121

What's the best way to strip the "0."XXX% off a number and make it a percentage? What happens if the number happens to be an int?

var number1 = 4.954848;
var number2 = 5.9797;

$(document).ready(function() {    
    final = number1/number2;
    alert(final.toFixed(2) + "%");
});
0
225

A percentage is just:

(number_one / number_two) * 100

No need for anything fancy:

var number1 = 4.954848;
var number2 = 5.9797;

alert(Math.floor((number1 / number2) * 100)); //w00t!
8
  • 51
    to keep the pct decimal: var pct = (num*100).toFixed(1) + "%";
    – ericjam
    Nov 9 '12 at 21:18
  • 8
    alert(~~((number1 / number2) * 100)); as the Math.floor is slower than ~~ :)
    – nyxz
    Apr 7 '15 at 13:34
  • 2
    Why Math.floor? And not Math.round? Even in your example 4.954848 / 5.9797 is closer to 83% than to 82% your code outputs.
    – user4385532
    May 16 '17 at 14:46
  • 11
    @nyxz Ugg-- you write code for humans, not machines. Unless you are in some super-tight critical loop, ~~ is much less readable than Math.floor May 16 '17 at 15:19
  • 6
    No reason that I know of. 83% of all percentages are made up anyway
    – Naftali
    May 17 '17 at 1:21
61
((portion/total) * 100).toFixed(2) + '%'
0
43

The best solution, where en is the English locale:

fraction.toLocaleString("en", {style: "percent"})

4
  • 1
    Beware for support or not on smartphones.... Currently the support is not that ideal.
    – jdehaan
    Jan 31 '18 at 10:10
  • (9.23).toLocaleString("en", {style: "percent"}) returns "923%", is there a way to solve it?
    – slorenzo
    Mar 23 '18 at 15:31
  • 2
    @slorenzo 9.23 is in fact 923%. Assuming you want 9.23%, you would need to divide 9.23 by 100 and then try the conversion. Jun 25 '18 at 14:29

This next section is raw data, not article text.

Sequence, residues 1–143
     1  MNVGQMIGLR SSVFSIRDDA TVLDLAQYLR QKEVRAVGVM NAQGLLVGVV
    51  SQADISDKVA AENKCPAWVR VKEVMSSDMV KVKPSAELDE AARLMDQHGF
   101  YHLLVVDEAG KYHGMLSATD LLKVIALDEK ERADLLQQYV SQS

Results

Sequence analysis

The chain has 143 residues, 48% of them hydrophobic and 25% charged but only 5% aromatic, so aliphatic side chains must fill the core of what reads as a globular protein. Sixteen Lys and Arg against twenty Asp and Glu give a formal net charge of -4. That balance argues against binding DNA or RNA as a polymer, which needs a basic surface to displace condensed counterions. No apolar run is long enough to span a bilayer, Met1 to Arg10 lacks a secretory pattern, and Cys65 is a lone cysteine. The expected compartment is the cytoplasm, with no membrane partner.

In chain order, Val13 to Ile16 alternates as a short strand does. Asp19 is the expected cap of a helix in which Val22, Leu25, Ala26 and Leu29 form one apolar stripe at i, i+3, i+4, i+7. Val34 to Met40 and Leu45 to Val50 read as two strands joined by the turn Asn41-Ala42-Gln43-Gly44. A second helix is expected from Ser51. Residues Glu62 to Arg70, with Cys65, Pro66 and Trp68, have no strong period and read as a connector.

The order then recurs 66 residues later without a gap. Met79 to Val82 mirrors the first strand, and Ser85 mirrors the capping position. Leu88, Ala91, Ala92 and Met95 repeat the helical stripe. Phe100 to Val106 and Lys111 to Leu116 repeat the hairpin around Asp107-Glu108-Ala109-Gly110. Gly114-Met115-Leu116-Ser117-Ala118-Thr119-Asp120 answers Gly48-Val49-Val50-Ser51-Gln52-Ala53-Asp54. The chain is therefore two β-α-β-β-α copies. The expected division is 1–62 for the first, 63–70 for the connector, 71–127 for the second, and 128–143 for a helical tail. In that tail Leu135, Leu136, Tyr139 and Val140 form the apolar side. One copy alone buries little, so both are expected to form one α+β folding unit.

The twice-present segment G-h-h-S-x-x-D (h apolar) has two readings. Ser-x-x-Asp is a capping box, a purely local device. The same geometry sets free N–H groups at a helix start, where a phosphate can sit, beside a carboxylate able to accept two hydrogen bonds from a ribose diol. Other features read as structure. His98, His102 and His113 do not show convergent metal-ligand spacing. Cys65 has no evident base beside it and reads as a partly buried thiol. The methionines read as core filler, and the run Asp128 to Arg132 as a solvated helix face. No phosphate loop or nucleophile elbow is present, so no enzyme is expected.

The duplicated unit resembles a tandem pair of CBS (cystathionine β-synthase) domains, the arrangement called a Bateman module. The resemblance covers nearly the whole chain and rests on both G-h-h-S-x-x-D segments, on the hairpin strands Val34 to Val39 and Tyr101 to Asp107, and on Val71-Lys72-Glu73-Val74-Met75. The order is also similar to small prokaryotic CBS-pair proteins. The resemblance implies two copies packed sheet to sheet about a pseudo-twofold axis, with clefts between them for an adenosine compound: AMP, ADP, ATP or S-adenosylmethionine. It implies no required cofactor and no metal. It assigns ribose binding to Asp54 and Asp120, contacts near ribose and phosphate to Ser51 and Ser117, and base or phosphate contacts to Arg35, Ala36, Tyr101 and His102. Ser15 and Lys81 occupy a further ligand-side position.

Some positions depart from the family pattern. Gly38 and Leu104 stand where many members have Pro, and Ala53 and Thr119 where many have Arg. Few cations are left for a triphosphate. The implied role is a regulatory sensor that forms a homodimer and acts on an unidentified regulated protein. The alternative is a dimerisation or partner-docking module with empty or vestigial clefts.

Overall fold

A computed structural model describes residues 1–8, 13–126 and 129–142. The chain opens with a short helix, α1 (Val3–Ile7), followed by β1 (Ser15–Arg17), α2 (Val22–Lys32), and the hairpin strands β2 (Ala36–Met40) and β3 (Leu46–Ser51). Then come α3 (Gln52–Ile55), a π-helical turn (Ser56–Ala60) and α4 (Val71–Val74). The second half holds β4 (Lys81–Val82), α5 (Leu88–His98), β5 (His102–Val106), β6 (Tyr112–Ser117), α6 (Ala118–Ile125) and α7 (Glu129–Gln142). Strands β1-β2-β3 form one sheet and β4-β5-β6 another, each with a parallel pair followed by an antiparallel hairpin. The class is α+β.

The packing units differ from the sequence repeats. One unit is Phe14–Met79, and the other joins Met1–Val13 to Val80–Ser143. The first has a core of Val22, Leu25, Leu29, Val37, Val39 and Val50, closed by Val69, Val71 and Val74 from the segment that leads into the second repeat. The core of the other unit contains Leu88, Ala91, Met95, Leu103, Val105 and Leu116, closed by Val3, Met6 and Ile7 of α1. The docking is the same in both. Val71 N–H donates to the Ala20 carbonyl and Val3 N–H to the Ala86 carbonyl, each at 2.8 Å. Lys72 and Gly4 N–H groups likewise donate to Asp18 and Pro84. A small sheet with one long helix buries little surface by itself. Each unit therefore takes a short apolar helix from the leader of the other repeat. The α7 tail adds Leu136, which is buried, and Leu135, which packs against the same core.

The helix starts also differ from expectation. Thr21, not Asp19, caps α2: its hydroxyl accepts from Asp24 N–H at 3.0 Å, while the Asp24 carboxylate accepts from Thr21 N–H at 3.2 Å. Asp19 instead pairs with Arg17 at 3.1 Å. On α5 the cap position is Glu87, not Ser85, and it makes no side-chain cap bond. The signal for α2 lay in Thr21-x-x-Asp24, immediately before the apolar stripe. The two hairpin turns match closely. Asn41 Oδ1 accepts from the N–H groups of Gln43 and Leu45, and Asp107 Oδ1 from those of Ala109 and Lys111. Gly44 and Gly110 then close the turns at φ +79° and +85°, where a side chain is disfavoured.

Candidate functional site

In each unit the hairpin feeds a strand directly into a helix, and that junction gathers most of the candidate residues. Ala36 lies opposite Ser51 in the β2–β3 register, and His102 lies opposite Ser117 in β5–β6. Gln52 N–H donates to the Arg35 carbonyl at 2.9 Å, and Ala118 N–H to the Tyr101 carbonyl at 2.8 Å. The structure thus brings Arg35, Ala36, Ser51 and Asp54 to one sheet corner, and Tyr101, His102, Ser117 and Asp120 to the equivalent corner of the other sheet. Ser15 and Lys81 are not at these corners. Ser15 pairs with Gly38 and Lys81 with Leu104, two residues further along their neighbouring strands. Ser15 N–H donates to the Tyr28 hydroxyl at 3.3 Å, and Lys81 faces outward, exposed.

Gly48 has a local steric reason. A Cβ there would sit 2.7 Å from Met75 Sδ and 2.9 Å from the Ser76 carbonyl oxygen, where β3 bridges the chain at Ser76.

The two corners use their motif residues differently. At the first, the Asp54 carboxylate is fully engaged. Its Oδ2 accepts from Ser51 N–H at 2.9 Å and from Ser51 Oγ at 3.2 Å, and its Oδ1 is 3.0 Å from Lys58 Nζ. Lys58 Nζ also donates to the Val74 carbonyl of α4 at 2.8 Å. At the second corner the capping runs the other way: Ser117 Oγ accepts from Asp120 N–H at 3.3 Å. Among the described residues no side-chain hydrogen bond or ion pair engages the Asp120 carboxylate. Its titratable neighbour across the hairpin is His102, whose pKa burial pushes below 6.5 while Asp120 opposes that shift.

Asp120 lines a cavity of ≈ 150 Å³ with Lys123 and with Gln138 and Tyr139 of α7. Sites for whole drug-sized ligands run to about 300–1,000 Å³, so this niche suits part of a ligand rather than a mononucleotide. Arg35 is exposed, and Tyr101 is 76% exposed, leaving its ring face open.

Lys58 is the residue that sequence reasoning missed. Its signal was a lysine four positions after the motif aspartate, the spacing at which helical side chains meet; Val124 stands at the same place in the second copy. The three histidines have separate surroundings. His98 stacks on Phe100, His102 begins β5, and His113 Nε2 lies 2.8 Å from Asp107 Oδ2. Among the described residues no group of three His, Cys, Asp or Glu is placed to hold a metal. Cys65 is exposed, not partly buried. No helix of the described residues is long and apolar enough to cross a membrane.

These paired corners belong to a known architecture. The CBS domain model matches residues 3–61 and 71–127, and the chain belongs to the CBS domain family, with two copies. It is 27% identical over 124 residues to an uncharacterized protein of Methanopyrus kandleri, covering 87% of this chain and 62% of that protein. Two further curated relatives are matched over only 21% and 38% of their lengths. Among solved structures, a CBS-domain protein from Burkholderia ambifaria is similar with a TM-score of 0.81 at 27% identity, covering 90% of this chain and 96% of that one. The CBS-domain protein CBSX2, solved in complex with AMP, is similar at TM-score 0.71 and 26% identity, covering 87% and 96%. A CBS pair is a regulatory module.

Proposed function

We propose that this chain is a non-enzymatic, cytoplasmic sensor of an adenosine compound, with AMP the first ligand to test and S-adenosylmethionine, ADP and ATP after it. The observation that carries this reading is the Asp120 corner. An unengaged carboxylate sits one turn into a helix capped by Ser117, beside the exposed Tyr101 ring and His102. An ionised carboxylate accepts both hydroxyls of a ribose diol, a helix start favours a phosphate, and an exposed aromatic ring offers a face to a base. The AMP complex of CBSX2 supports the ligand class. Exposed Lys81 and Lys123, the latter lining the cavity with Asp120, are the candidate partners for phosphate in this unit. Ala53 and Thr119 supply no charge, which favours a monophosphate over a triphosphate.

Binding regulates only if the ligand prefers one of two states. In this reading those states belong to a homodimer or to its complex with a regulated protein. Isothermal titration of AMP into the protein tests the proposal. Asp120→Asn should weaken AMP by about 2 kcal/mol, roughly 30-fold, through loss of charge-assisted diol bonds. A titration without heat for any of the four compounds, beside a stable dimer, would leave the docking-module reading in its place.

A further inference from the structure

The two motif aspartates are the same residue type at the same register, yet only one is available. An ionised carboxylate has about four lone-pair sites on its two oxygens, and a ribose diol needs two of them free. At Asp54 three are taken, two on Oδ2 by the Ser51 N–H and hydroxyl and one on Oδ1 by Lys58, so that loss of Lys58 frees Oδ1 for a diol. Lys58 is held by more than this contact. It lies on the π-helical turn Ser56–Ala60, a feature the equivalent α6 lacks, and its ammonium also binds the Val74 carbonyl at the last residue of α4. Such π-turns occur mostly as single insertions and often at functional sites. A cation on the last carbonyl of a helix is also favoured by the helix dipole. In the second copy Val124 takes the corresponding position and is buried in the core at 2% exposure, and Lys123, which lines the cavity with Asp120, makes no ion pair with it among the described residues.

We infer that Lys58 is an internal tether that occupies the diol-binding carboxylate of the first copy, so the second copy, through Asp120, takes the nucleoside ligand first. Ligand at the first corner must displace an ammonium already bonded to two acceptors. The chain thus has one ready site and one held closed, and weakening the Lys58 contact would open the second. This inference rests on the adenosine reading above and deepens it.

• 3
    @slorenzo To get the decimal digits as well you could try something like fraction.toLocaleString("en", { style: "percent", minimumFractionDigits: 2 }) See stackoverflow.com/a/29773435/411428
    – Manfred
    Jan 28 '19 at 0:21
20

Well, if you have a number like 0.123456 that is the result of a division to give a percentage, multiply it by 100 and then either round it or use toFixed like in your example.

Math.round(0.123456 * 100) //12

Here is a jQuery plugin to do that:

jQuery.extend({
    percentage: function(a, b) {
        return Math.round((a / b) * 100);
    }
});

Usage:

alert($.percentage(6, 10));
3
  • 15
    Where is jQuery.round and jQuery.divide and jQuery.multiply
    – Raynos
    Dec 15 '11 at 15:55
  • 2
    @Xeon06 hmmm the OP seems to have switched his mind. weird. my answer did not have enough jQuery in it.
    – Naftali
    Dec 15 '11 at 16:07
  • 2
    @Raynos I had started on a multiply using a loop and a round using string manipulation but I gave up on the division. Dec 15 '11 at 16:14
2

Most answers suggest appending '%' at the end. I would rather prefer Intl.NumberFormat() with { style: 'percent'}

var num = 25;

var option = {
  style: 'percent'

};
var formatter = new Intl.NumberFormat("en-US", option);
var percentFormat = formatter.format(num / 100);
console.log(percentFormat);

1
  • doesn't work with percentages below zero.
    – Andrew
    Dec 8 '20 at 22:27
1

Numeral.js is a library I created that can can format numbers, currency, percentages and has support for localization.

numeral(0.7523).format('0%') // returns string "75%"

1
  • 3
    Last commit for numeral.js was 27 Mar 2017. Either the library is perfect (no defects) or it is no longer actively maintained. As of 28 Jan 2019 the project has 135 open issues with the oldest being from Nov 2012. The number of open issues with no commit in almost 2 years suggests that the project is no longer looked after. Happy to be convinced otherwise.
    – Manfred
    Jan 28 '19 at 0:11
1

var percent = Math.floor(100 * number1 / number2 - 100) + ' %';

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